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Many Americans are feeling trapped in the current economic climate, facing foreclosure on their homes and living on credit cards to make it from month to month. Now, more than ever, it is important to maintain a high credit score and know what is in your personal credit report.
You first need to understand that, under federal law, you are entitled to a free credit report from each of the three national credit reporting companies each year. To get started, select a date on the calendar. Let's start today. Go to your computer and log on to www.annualcreditreport.com. Be sure to order your report from this website. Other sites will charge you a fee. Using the date you select, you will be able to receive another free report each year by logging on and requesting your credit report. You may also call 877-322-8228 to request the form.
While you're checking on your credit report, you will also have an opportunity to check your credit score. This report will cost you a nominal fee, but it is important to know your score. Each year on your selected date, you will be able to order your free credit report and purchase a copy of your credit score.
The three national credit reporting bureaus -- Experian, Equifax and TransUnion -- keep reports based on information they receive from companies who have extended credit to you. These reports include information such as your payment history, the length of your credit history, and the types of credit you have and the amounts you owe. From that information, they derive your credit score, which can range anywhere from 300 to a perfect 850.
Keep in mind that the higher your score, the better interest rates you'll receive. For example, consumers with a credit score above 700 generally receive lower interest rates and those with a credit score of 760 or higher will receive the lowest interest rates. The median credit score is 723. Consumers with the highest credit scores usually pose a lower risk as a potential borrower. If you're thinking about buying a new car or purchasing a new home, your 3-digit credit score will in large part determine your interest rate.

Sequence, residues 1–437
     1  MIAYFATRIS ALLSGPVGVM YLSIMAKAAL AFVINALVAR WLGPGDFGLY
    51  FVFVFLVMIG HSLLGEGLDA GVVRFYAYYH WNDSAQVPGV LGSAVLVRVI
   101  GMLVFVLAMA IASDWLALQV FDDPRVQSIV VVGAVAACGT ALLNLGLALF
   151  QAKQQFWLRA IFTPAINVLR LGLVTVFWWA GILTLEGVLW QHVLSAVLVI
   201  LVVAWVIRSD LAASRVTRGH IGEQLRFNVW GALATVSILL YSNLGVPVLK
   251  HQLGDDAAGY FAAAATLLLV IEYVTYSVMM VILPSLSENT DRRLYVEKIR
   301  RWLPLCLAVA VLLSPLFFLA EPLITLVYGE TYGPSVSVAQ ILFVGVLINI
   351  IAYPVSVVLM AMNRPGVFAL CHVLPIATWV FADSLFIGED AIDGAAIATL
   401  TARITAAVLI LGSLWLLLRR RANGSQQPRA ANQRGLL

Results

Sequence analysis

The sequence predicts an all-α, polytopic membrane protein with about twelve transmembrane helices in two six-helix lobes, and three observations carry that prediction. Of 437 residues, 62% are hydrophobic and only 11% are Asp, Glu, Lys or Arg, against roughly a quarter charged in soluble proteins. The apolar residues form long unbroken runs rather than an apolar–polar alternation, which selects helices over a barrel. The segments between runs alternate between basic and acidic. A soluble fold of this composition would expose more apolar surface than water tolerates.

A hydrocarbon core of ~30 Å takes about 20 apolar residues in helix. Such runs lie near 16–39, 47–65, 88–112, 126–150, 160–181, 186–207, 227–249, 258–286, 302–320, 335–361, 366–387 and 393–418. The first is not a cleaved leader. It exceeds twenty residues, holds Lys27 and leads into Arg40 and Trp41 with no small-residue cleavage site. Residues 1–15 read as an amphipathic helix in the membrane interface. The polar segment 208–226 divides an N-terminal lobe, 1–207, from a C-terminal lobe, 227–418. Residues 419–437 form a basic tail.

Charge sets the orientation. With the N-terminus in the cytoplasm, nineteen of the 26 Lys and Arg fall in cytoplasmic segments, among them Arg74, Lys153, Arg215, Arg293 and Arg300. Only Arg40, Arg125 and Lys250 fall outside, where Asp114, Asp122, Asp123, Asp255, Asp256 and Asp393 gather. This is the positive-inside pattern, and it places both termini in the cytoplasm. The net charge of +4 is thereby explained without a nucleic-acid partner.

According to one financial planning expert, your credit score is calculated using this formula:
- 10% is based on the types of credit in use, including the number of accounts and the mix of those accounts.
- 35% is based on your payment history. Do you pay your bills on time? Do you have any bankruptcies, judgment liens or foreclosures on your record?
- 30% is based on the amounts owed on available credit cards and installment loans.
- 15% is based on the length of your credit history.
- 10% is based on the number of new credit accounts opened recently.
- Pay your bills on time. If you find it difficult to make time to sit down and pay your bills on a regular basis, consider setting up an automatic payment system through your bank, so you're never late. Of course, be sure you have enough money in your account to avoid overdrafts.
- Be sure you don't have too much credit. Too many credit cards and installment accounts can negatively affect your credit score.
- Don't max out your credit cards and keep balances on your credit cards low. Experts suggest you keep your debt ratio on your credit cards under 50%. If you have a $5,000 limit, don't carry a balance more than $2,500.
- Don't open a lot of credit cards you don't need.
- Pay down those credit cards with the highest interest rates first.
- Carefully review your credit report and correct any errors immediately.
Credit is a good thing, but we all know what they say about too much of a good thing. Use credit responsibly and you'll find your lender will offer you the lowest interest rate when you go to purchase that new home or automobile.
This information is provided with the understanding that The Killbuck Savings Bank Company is not engaged in rendering specific legal, accounting, or other professional services. If specific expert assistance is required, the services of a competent, professional person should be sought.
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